Welcome to Bangladesh in 2013, where you and I, the enfranchised, actually can control our own fate, regardless of the legality of our claim, if we have enough money to do so. As many of us go around in our cars and claim “status,” and complain about how a trade license costs $120 but the bribes to procure one costs $4800, we internalize and pay homage to the reality that everything can be bought at the “right” price in Bangladesh.
We can’t even walk the streets without dealing with open sewers, potholes, and the very real possibility of instant death in the crazy traffic that surrounds us (and gives some of us less versatile travelers heart palpitations on a daily basis).
What’s, worse, we have allowed Tazrin Industries’ owner to roam the streets free for the 125 people who perished in the garments sweatshop fires in December 2011, and hell, we can’t even arrest that MP who assisted in the great Savar escape of the now infamous Mr. Rana.
Will either the MP who assisted in the escape, or Rana himself go or stay in jail?
You must be joking, right? Please! Didn’t you note that it took our dear Prime Minister 2 full days to issue a call for arrests?
But, honestly, the time for these morbid jokes is over.
We’re all corrupt, and change starts with EVERY single one of us. Yup, instead of complaining about our garments contracts being taken away from the country and outsourced to less corrupt nations, let’s stop and examine how pathetically tragic the current events are.
Yes, that goes for you too, driving that SUV on the way to the airport for your weekend trip to go shopping in Singapore. We’ve also all bribed police officers for “harassing” us.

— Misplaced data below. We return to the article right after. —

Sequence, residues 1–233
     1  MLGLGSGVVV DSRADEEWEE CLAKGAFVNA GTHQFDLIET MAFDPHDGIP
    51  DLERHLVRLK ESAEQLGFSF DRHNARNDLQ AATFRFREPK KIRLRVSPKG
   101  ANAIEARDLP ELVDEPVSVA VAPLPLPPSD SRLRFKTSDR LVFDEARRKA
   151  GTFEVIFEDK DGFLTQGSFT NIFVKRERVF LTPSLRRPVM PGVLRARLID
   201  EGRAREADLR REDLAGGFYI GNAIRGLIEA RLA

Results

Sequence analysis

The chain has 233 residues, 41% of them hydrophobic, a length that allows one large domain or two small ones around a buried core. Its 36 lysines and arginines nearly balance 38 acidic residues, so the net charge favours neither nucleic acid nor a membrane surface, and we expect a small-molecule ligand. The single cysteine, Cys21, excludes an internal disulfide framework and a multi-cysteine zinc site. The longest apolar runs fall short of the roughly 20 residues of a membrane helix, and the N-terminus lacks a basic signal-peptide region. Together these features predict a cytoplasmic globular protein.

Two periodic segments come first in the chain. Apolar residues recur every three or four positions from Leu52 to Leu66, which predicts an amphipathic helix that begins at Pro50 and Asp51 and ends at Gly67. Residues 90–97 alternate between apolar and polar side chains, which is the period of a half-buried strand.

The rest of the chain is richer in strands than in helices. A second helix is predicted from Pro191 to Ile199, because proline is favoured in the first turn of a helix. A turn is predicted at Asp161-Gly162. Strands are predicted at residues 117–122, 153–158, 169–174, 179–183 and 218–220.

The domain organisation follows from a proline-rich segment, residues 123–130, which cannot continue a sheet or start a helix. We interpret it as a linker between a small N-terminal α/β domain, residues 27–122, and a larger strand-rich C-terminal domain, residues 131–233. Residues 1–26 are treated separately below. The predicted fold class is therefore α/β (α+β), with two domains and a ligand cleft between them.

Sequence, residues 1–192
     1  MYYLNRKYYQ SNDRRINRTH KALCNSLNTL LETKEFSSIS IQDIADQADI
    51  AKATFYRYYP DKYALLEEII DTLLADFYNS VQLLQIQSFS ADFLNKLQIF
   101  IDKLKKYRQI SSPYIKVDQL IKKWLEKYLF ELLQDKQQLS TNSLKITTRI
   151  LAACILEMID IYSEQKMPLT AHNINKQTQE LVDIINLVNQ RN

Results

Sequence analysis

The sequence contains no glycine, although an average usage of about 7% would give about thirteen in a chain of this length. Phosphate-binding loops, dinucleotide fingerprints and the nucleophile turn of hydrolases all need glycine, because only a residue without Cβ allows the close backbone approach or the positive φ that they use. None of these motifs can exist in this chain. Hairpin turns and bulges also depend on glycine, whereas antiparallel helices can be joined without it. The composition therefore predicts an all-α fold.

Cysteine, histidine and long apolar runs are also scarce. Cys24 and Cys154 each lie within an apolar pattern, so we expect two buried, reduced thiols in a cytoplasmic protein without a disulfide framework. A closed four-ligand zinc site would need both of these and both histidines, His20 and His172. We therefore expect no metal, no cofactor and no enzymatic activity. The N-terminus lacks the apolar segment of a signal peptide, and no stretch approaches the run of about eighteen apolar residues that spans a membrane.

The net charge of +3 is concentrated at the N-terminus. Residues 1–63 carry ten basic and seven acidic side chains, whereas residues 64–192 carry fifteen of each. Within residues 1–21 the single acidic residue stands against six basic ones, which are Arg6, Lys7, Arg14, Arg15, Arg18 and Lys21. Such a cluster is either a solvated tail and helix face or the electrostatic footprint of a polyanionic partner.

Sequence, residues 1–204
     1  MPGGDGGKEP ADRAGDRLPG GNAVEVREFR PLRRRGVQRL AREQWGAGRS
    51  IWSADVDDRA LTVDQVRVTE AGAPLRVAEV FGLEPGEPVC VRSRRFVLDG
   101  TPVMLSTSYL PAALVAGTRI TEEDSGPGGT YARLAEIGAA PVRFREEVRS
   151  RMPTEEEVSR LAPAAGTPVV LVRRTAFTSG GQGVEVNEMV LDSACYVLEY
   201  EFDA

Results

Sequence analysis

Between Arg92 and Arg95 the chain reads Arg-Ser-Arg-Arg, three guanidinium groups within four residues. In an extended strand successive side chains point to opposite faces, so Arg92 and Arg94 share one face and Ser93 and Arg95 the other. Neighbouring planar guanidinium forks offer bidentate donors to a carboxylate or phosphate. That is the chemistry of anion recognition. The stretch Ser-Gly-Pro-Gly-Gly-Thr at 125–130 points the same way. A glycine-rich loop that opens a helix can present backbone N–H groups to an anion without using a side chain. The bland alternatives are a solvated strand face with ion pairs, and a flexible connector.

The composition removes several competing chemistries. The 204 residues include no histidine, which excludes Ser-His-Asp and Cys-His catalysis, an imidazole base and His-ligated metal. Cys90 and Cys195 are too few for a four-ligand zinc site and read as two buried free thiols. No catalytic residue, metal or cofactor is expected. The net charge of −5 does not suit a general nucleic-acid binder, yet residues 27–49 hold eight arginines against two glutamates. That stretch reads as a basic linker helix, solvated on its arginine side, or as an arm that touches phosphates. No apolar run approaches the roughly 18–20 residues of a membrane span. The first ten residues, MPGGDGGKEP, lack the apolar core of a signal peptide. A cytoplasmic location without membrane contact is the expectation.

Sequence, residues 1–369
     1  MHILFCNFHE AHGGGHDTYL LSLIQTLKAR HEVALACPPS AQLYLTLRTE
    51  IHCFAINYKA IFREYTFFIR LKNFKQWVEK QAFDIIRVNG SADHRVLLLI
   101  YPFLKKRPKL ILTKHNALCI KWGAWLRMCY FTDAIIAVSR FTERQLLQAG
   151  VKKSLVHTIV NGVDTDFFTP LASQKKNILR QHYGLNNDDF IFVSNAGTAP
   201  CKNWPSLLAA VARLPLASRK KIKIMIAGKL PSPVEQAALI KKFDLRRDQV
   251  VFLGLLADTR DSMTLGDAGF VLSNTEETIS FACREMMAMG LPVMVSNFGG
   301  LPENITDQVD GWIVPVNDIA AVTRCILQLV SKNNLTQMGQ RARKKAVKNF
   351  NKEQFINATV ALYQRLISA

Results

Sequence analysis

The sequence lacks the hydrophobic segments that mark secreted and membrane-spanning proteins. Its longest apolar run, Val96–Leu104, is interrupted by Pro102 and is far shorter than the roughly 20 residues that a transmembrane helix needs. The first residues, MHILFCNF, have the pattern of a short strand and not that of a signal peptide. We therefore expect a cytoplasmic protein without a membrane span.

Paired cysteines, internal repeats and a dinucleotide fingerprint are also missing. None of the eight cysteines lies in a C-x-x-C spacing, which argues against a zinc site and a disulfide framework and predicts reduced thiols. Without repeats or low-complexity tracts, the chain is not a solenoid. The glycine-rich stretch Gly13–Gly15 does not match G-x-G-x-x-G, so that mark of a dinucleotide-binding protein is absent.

We, the “enfranchised” Bangladeshis, have allowed deaths to go unanswered just as much as we have allowed open sewage systems to flood the streets during the monsoon, and continue to tolerate rubbish overflowing on
Our “class,” our “status,” allows us to escape whatever we cannot digest. This means we don’t have to take the walk if we don’t want to, or face the anxiety of falling into something disgusting or fatal if we do take it, literally, symbolically. It means we compromise our honesty daily and the only ones who suffer are those who do not have the capability or the money to question this status quo.
Change starts with you. It starts with me.
It’s time that our morals and humanity don’t have price tags attached to them. So let’s question. Let’s stop paying these bribes to be left alone. Let’s stop reelecting these crooks back to power. We’ve had enough. It’s time we prove that we’re sick of perpetrating our own victimhood.
This piece was written in April 2013, when I was becoming accustomed to having been in Bangladesh (if that’s at all possible), for about six months. It’s just a testimony to the high levels of disparity between the wealthy and non wealthy: